The Australian Energy Market Operator (AEMO) has released an update to its 2022 Electricity Opportunities Statement (ESOO) report, which makes clear the urgent need to invest in generation, long-term storage and transmission to meet the reliability requirements of Australia's electricity system over the next decade.
This update to the statement is due to the changes in generation capacity of different types of power sources since the launch of ESOO 2022, as well as insights from surveys of developers and market participants, and a combined reference to documents such as the AEMO's Generation Information and Transmission Enhancement Information.
AEMO chief executive Daniel Westerman said the update reaffirmed the urgent need for timely investment in generation, long-term energy storage and transmission to fill the forecast reliability gap as Australia rapidly moves away from its reliance on traditional coal power.
He mentioned that since the release of the 2022 ESOO, short term forecast reliability gaps in South Australia (2023-24) and Victoria (2024-25) have been filled by the development of new gas generation, wind and battery storage, while the decommissioning of existing gas generators has been delayed. Therefore, no new Retailer Reliability Obligation (RRO) reliability tool is required in this updated reliability forecast. From 2025 onwards, reliability gaps begin to appear compared with interim reliability measures. From 2027, projected utilization in all continental regions is expected to exceed reliability standards, and by 2031-2032, all continental regions are expected to violate reliability standards, with at least five coal-fired power plants expected to be retired, representing approximately 13% of total NEM capacity. There is therefore an urgent need for urgent and sustained investment in renewable energy, long-term storage and transmission to reliably meet the needs of Australian households and businesses. The details are shown in the following figure:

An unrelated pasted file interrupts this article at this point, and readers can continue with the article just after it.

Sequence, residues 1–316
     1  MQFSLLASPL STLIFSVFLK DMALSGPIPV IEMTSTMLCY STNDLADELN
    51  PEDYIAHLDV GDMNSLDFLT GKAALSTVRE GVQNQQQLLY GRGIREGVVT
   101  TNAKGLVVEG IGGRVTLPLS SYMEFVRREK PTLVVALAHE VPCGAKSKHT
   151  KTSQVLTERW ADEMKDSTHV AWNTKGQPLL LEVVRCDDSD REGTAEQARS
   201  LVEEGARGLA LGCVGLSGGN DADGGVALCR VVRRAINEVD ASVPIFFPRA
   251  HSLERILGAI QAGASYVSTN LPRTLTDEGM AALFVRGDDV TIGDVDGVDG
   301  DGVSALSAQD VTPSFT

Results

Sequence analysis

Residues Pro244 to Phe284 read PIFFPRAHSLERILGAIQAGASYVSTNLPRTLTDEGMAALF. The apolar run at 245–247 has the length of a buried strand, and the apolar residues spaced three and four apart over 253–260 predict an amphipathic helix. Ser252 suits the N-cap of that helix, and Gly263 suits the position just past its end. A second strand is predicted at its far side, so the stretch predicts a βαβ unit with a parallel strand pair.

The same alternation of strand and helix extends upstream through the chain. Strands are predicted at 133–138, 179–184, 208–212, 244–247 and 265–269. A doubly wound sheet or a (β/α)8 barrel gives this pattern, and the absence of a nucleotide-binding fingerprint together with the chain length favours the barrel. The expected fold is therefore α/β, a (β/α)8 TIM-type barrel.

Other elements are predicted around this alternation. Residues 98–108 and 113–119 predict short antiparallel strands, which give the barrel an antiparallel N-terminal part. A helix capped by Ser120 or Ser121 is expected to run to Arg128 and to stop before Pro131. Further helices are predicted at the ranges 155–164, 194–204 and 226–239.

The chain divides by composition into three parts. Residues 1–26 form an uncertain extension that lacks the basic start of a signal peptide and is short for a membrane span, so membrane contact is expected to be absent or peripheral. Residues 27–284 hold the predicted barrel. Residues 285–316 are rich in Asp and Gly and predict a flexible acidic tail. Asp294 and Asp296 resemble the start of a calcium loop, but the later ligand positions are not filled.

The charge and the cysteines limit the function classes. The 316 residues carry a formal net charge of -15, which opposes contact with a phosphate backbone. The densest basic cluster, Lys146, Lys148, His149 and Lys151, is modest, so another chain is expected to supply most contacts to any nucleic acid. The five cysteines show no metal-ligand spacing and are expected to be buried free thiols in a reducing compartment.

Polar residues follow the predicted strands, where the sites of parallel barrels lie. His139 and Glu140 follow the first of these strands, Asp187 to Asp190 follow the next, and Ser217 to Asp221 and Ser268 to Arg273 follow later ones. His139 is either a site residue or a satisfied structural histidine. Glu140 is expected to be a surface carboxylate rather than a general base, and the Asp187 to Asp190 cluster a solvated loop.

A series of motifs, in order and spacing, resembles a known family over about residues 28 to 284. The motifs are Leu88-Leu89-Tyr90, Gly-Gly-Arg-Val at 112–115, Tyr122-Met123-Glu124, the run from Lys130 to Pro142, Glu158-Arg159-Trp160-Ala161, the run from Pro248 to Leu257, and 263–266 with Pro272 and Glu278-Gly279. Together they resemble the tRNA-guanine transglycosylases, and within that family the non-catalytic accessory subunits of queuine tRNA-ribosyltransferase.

Since the release of the 2022 ESOO last August, the entire NEM 1,326 megawatts (MW) of wind energy and 461 megawatts (604 MWh) of battery storage projects have met AEMO's commitment criteria. The delayed shutdown of the Osborn Power Station (SA), the newly operational Bolivar Power Station (SA) and the Waratah Superbattery Project (NSW), as well as related power transmission upgrades and System Integrity and Protection programmes (SIPS), have strengthened near-term reliability forecasts.
SIPS provides a virtual transmission power delivery solution that unlocks the capacity of existing transmission systems, allowing electricity consumers in demand centres in Sydney, Newcastle and Wollongong to get more energy from existing generators. "NEM has a large number of proposed power generation and storage projects, tripling total generation capacity, with large solar, wind and batteries accounting for 86 percent," Westerman said. "Investment in rugged power generation, such as pumped storage, natural gas and long-term storage, is essential to complement our growing weather-dependent renewable generation to meet electricity demand without coal," he said.
The update also highlights the risk of an event in which electricity demand could outstrip power supply. These events may be driven by weather uncertainty or other conditions, such as generator or transmission outages, that could erode available supplies when needed.
AEMO will continue to work with governments, market institutions, industry and communities to manage risks and potential solutions as the power system transitions from coal to renewable energy, supported by effective investment in transmission systems.